Bedford, MA, United States
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Semi-conductor wafers with thin and thicker regions at controlled locations may be for Photovoltaics. The interior may be less than 180 microns or thinner, to 50 microns, with a thicker portion, at 180-250 microns. Thin wafers have higher efficiency. A thicker perimeter provides handling strength. Thicker stripes, landings and islands are for metallization coupling. Wafers may be made directly from a melt upon a template with regions of different heat extraction propensity arranged to correspond to locations of relative thicknesses. Interstitial oxygen is less than 610^(17 )atoms/cc, preferably less than 210^(17), total oxygen less than 8.7510^(17 )atoms/cc, preferably less than 5.2510^(17). Thicker regions form adjacent template regions having relatively higher heat extraction propensity; thinner regions adjacent regions with lesser extraction propensity. Thicker template regions have higher extraction propensity. Functional materials upon the template also have differing extraction propensities.


Semi-conductor wafers with thin and thicker regions at controlled locations may be for Photovoltaics. The interior may be less than 180 microns or thinner, to 50 microns, with a thicker portion, at 180 - 250 microns. Thin wafers have higher efficiency. A thicker perimeter provides handling strength. Thicker stripes, landings and islands are for metallization coupling. Wafers may be made directly from a melt upon a template with regions of different heat extraction propensity arranged to correspond to locations of relative thicknesses. Interstitial oxygen is less than 6 x 1017 atoms/cc, preferably less than 2 x 1017, total oxygen less than 8. 75 x 1017 atoms/cc, preferably less than 5. 25 x 1017. Thicker regions form adjacent template regions having relatively higher heat extraction propensity; thinner regions adjacent regions with lesser extraction propensity. Thicker template regions have higher extraction propensity. Functional materials upon the template also have differing extraction propensities.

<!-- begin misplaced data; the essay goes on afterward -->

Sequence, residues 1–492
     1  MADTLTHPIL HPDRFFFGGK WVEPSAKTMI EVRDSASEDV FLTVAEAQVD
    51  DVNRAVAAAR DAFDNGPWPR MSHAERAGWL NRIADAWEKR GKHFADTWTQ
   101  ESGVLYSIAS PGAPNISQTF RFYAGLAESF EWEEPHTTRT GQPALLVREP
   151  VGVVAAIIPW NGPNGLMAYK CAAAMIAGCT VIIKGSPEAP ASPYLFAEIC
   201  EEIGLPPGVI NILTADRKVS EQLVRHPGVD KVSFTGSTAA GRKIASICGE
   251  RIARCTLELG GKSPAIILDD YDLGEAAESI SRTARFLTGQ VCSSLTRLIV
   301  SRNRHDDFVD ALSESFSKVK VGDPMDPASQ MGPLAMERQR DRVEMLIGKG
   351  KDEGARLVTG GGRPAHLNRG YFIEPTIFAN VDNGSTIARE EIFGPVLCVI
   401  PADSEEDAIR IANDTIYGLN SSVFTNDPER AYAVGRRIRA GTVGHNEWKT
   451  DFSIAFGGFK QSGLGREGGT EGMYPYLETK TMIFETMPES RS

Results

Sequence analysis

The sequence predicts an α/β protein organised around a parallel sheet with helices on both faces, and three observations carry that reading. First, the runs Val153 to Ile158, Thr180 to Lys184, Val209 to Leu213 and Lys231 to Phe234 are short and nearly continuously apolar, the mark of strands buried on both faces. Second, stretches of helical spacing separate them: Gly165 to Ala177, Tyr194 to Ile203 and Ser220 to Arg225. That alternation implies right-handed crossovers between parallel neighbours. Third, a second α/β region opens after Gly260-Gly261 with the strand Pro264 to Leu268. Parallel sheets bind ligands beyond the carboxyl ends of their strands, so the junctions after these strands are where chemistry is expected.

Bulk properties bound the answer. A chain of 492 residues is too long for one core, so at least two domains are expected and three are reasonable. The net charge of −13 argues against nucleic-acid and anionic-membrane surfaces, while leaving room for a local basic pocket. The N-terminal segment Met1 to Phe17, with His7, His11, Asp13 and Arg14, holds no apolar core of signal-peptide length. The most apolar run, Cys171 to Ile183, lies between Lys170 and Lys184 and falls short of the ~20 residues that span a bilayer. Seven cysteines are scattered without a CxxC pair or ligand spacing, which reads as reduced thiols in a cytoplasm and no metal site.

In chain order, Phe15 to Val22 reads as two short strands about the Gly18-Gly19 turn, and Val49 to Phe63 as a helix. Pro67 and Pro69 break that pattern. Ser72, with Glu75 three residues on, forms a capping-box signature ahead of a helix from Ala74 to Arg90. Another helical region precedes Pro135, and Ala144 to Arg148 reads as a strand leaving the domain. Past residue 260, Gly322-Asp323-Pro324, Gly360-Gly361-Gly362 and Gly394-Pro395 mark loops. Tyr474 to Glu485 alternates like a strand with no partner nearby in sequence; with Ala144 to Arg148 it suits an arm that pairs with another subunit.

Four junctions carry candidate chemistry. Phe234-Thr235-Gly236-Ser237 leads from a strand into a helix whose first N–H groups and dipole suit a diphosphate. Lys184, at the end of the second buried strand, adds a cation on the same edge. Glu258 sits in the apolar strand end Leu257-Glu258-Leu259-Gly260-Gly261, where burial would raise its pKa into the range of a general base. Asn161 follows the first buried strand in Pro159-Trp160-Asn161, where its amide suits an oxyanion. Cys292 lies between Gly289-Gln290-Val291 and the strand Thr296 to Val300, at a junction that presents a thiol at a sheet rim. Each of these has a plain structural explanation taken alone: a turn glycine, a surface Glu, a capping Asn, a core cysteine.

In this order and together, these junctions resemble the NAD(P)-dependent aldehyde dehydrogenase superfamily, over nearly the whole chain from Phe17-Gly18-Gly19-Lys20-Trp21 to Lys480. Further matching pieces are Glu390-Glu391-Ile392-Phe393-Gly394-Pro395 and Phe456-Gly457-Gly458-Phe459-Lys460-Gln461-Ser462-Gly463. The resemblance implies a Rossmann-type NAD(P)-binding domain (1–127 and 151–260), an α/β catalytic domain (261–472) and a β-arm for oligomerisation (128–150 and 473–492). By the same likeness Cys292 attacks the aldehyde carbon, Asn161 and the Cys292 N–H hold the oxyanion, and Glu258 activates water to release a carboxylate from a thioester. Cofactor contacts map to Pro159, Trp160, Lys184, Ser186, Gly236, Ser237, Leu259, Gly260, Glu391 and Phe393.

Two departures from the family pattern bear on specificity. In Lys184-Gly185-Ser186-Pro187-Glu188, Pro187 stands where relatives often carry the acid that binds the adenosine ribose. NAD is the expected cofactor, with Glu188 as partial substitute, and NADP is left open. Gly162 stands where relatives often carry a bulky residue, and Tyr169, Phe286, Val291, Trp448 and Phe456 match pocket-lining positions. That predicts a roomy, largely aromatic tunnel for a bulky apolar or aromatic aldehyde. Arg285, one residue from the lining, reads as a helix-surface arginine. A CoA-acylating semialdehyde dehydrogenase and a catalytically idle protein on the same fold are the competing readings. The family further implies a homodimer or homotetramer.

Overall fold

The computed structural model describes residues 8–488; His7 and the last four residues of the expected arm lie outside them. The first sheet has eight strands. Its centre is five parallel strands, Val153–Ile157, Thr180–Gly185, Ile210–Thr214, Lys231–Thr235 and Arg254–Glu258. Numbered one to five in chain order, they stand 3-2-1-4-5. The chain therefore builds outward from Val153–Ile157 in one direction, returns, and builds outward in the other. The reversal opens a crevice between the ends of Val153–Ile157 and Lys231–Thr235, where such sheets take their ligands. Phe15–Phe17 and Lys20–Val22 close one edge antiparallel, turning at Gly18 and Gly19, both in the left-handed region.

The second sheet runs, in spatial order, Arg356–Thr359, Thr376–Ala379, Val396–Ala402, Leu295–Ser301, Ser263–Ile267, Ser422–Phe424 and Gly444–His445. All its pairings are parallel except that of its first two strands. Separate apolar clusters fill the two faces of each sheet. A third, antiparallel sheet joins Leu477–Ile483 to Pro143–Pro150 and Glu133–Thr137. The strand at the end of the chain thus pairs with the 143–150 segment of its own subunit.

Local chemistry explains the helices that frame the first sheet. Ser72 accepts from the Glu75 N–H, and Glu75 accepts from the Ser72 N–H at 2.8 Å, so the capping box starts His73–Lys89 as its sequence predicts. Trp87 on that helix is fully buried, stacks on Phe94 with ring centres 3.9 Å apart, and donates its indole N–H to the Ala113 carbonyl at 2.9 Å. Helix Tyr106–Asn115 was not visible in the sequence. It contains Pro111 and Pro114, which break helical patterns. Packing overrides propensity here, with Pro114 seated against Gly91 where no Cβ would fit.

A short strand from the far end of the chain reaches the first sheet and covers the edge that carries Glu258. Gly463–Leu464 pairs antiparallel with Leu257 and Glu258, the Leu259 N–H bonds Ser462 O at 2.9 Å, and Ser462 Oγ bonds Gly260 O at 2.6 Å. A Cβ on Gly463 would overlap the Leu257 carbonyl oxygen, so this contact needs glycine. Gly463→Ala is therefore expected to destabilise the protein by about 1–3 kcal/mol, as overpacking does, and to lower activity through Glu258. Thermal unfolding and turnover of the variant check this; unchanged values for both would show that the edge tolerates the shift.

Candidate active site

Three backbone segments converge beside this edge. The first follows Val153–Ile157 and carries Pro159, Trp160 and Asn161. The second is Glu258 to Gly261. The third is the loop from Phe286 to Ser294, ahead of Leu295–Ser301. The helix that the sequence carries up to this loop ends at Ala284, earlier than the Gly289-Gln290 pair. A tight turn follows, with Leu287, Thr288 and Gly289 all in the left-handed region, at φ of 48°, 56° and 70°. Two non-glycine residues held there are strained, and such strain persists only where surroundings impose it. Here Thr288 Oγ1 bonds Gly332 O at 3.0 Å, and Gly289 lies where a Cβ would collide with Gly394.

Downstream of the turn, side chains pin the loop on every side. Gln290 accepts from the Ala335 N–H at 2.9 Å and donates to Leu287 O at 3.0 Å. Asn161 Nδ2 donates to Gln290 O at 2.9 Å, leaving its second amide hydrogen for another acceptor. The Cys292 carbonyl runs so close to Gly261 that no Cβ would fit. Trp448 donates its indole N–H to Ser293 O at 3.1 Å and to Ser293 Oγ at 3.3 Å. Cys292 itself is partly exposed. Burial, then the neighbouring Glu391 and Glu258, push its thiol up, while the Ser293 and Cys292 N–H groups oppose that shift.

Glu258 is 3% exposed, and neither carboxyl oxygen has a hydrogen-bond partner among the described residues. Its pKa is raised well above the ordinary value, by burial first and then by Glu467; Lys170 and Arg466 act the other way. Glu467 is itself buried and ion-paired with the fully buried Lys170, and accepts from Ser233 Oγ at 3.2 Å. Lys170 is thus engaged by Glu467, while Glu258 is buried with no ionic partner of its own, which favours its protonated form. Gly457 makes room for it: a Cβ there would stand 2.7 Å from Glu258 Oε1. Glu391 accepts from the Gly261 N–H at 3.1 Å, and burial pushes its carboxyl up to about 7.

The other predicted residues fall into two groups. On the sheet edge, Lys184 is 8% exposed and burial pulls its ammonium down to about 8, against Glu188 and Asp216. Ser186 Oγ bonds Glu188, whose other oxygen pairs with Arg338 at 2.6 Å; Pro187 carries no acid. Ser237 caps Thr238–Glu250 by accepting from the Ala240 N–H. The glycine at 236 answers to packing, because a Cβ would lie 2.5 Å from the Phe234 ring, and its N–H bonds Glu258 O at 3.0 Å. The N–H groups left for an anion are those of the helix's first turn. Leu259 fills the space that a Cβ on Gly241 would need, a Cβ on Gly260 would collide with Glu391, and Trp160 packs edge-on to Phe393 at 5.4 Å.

Patent
Massachusetts Institute of Technology and 1366 Technologies | Date: 2014-01-16

Patterned substrates for photovoltaic and other uses are made by pressing a flexible stamp upon a thin layer of resist material, which covers a substrate, such as a wafer. The resist changes phase or becomes flowable, flowing away from locations of impression, revealing the substrate, which is subjected to some shaping process. A typical substrate is silicon, and a typical resist is a wax. Workpiece textures include extended grooves, discrete, spaced apart pits, and combinations and intermediates thereof. Platen or rotary patterning apparatus may be used. Rough and irregular workpiece substrates may be accommodated by extended stamp elements. Resist may be applied first to the workpiece, the stamp, or substantially simultaneously, in discrete locations, or over the entire surface of either. The resist dewets the substrate completely where desired.


A method for imparting a pattern to a flowable resist material on a substrate entails providing a resist layer so thin that during a stamp wedging process, the resist never completely fills the space between the substrate and the bottom surface of a stamp between wedge protrusions, leaving gap everywhere therebetween. A gap remains between the resist and the extended surface of the stamp. If the resist layer as deposited is somewhat thicker than the targeted amount, it will simply result in a smaller gap between resist and tool. The presence of a continuous gap assures that no pressure builds under the stamp. Thus, the force on the protrusions i determined only by the pressure above the stamp and is well controlled, resulting in well-controlled hole sizes. The gap prevents resist from being pumped entirely out of any one region, and thus prevents any regions from being uncovered of resist. The stamp can be pulsed in its contact with the substrate, repeatedly deforming the indenting protrusions. Several pulses clears away any scum layer better than does a single press, as measured by an etch test comparison of the degree to which a normal etch for a normal duration etches away substrate material. A method for imparting a pattern to a flowable resist material on a substrate entails providing a resist layer so thin that during a stamp wedging process, the resist never completely fills the space between the substrate and the bottom surface of a stamp between wedge protrusions, leaving a gap everywhere therebetween. A gap remains between the resist and the extended surface of the stamp.